Posts Tagged ‘Wisdom’

“Therefore as you have received Christ Jesus the Lord, so walk in Him, having been firmly rooted and now being built up in Him and established in your faith, just as you were instructed, and overflowing with gratitude” Colossians 2:6-7 (NASB).

I’ve been reading a lot lately about growing in God and getting to know His Word more. In the course of that reading and studying, I’ve found numerous references to being firmly rooted in the Word of God. It’s easy to say to be firmly rooted, but what exactly does that look like? I have heard so many different ideas about how to be firmly rooted, but I’m not just wondering about HOW to be firmly rooted. I want to know what that looks like to be firmly rooted.

This morning, I was reading Colossians 2:6&7, and I think I now have a better understanding of what being firmly rooted looks like. I may not have a full picture, but I do have a bigger glimpse of what that looks like. I believe there are three characteristics that someone who is firmly rooted in God’s Word will have based on these two verses.

1) Someone who is firmly rooted in God’s word will be walking in Christ. What does that mean? Well, that means this person is so in tune with the Lord and His Word that He lives out and copies the way Christ lived. That means, he doesn’t judge someone by past or present sins. This person accepts others as they are and cares about them regardless of their lifestyle, habits or character. Our Pastor actually spoke about this last night in our Wednesday evening service. One thing he said, really struck home to me. I’ve heard it before, but last night it sank in a little more. He said, “Acceptance is not approval.” I can accept someone without approving of his/her lifestyle. I don’t have to like everything about someone or agree with everything someone says to accept that person for who he/she is.

Being rooted in God’s Word also means that this person is more likely to be aware of and to actively seek to avoid compromising situations. It doesn’t mean this person hides in a hole and does nothing. No, instead, it means that this person is cognizant of the things that tempt him/her and then does what is necessary to avoid those situations whenever possible. What walking in Christ doesn’t mean is that this person is perfect. Unfortunately, nobody will be perfect in this imperfect earth.

2) Someone who is firmly rooted in God’s Word will be built up in Christ and established in his/her faith. This means that this person knows what he/she believes and continues to live in accordance with that. I can’t know what I believe if I don’t spend time in God’s Word and really take the time to study and understand what God is saying. If I do that, then I will grow in my faith, and I will know what I stand for.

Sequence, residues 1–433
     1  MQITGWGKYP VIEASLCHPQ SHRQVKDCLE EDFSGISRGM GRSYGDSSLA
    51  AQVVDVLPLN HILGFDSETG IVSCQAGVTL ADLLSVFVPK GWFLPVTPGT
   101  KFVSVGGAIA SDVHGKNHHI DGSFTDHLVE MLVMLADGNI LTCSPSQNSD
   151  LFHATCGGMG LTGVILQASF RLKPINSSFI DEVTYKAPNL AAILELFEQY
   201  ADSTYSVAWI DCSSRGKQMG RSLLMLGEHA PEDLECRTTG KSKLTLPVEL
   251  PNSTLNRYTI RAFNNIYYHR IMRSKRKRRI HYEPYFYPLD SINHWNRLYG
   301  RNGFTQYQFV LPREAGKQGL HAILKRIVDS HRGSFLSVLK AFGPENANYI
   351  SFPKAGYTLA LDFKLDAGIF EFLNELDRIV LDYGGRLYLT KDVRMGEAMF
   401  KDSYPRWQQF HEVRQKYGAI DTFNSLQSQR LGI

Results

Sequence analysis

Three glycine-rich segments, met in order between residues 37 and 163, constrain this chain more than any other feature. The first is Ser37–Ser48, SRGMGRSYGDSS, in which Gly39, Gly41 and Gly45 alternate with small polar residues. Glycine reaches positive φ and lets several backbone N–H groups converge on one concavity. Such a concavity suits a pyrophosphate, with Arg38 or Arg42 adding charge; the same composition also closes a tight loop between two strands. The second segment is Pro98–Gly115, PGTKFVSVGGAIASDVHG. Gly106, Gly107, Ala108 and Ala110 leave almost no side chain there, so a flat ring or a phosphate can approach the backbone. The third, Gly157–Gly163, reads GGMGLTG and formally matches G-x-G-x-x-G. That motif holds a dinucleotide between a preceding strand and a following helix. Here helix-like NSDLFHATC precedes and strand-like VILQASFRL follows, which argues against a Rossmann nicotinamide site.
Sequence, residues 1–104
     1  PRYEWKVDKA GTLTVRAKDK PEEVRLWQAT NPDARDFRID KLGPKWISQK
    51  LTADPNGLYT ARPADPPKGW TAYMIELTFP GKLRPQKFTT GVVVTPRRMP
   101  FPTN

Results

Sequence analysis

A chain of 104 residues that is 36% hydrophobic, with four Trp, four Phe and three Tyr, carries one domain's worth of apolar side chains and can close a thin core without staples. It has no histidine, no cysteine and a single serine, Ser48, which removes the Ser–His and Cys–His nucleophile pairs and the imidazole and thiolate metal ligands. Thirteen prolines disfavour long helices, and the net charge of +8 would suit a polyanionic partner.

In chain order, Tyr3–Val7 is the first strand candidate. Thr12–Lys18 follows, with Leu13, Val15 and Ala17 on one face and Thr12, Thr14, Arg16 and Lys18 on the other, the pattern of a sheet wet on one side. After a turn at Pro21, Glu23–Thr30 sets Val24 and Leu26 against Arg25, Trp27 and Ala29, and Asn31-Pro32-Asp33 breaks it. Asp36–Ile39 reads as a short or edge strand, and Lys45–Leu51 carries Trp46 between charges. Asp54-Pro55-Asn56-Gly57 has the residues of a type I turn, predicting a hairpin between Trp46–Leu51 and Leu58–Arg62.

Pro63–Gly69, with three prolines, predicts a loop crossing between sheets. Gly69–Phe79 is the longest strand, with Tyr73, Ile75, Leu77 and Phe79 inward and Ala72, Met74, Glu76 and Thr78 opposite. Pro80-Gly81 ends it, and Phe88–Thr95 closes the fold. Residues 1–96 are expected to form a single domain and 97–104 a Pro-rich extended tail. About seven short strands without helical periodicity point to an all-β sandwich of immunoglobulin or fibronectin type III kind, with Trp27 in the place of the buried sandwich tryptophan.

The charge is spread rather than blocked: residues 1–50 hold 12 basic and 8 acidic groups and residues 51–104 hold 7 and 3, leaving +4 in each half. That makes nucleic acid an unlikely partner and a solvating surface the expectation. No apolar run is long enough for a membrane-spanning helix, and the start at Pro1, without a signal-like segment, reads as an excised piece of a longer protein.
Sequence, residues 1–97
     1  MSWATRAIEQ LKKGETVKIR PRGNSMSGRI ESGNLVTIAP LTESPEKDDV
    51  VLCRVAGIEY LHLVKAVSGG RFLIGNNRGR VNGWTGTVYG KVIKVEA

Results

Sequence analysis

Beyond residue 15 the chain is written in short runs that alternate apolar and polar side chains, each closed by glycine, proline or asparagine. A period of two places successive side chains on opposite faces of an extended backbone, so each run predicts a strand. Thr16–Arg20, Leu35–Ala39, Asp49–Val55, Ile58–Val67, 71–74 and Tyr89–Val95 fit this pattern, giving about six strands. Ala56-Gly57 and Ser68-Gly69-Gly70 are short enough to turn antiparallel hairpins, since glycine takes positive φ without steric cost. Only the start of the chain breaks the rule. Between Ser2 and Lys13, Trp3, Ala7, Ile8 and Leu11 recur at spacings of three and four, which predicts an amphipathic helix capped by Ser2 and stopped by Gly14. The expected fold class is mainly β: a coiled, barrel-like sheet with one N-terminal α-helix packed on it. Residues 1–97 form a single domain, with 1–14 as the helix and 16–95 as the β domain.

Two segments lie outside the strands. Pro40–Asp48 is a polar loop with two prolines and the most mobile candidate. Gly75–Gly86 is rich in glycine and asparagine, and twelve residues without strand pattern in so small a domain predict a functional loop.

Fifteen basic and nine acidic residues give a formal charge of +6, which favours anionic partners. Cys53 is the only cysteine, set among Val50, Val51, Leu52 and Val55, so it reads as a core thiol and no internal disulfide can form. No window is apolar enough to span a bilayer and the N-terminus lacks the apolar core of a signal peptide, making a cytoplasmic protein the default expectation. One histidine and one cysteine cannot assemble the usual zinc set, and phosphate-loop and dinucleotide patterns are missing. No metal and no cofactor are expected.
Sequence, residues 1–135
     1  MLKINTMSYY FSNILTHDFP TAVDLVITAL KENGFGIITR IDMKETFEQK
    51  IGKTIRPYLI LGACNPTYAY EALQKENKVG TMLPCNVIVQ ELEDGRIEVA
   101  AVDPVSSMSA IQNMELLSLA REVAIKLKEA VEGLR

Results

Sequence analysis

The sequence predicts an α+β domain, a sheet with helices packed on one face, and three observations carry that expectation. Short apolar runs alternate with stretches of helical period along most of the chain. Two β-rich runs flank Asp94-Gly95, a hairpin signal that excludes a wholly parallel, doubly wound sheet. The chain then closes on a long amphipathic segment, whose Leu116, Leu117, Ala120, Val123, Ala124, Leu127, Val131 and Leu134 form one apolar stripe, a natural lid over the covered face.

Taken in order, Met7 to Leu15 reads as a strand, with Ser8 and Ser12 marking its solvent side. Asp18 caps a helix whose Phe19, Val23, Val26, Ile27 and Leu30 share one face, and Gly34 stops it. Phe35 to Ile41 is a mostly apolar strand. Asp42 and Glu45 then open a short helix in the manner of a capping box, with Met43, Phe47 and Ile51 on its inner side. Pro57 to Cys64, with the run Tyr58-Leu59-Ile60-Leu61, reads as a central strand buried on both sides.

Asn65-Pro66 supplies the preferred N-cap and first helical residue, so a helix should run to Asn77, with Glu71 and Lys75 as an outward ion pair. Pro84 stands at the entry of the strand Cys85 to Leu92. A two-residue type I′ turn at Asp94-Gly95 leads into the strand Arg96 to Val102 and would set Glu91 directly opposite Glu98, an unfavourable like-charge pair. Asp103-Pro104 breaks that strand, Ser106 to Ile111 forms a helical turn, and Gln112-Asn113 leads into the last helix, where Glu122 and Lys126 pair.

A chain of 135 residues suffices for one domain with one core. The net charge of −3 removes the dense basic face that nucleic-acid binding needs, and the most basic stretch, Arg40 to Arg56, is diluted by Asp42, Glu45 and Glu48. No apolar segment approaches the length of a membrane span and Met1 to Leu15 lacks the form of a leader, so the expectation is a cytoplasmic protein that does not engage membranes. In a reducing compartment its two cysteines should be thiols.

3) Finally, someone who is firmly rooted in God’s Word will be overflowing with gratitude. That means, no matter what happens in life, this person is grateful for the good things he/she has, even when things aren’t going exactly as well as he/she would like. It means this person chooses to be grateful in spite of the bad things that happen. This is the part I have the most difficulty with because it’s really hard to be thankful when I feel like nothing is going right. But no matter my situation, I have a choice. I can choose to be grateful. Or I can choose to complain. Either way, I am the one who has to live with myself. Do I want to be joyful or miserable? It’s my choice. I want to choose gratefulness.

I’m so glad that I was able to read these two verses this morning because they encouraged me to dwell on what God has to say to me in His Word, and as a result, I am encouraged to stop looking at the past and worrying about the future. Instead, I want to focus on what God has for me today. I want to grow and learn. Most of all, I want to be firmly rooted in God’s Word.

Your turn! What characteristics you think someone rooted in God’s Word would have besides these? What other things can we keep in mind about growing in God? I hope to hear from you!!

~Until Next Time,

Karen Signature

Advertisements
Photo Credit: Mundoo via Compfight cc

Photo Credit: Mundoo via Compfight cc

It’s hard to believe it’s been almost an entire week since I left New York. How time flies when you’re busy, right? Anyway, I had intended to keep up with my blog while I was there, but got a little busy after the first couple of days. In fact, I did more driving in that week and a half I was in New York than I do in six months (no joke). It was a lot of fun, and when it came time to leave, I found it quite difficult.

While I was there, I went to visit one of my brothers and his family. I decided that I was going to stop off at my uncle’s house to see my grandmother on the way there. So, I got the address, and general directions, but I figured I’d be fine. After all, I had my phone, which I use for GPS all the time. There was one small problem with that plan – when I hit the little town of Pitcher, the signal on my phone was gone. And I don’t mean it was just slow or spotty. It was completely gone. I freaked out just a little because I had no idea how much I relied on my phone until I didn’t have it to rely on any longer. I pulled over, and tried to get it to work, but to no avail. So, I started driving in what I was assuming was the correct direction, thinking if I could just go a little further, I might get my signal back. In the meantime, I had someone behind me, who was probably getting quite irritated at the crazy lady driver in front of him. So, thinking I’d get out of his way, I pulled into the drive of a church – all the way up to the grassy parking lot.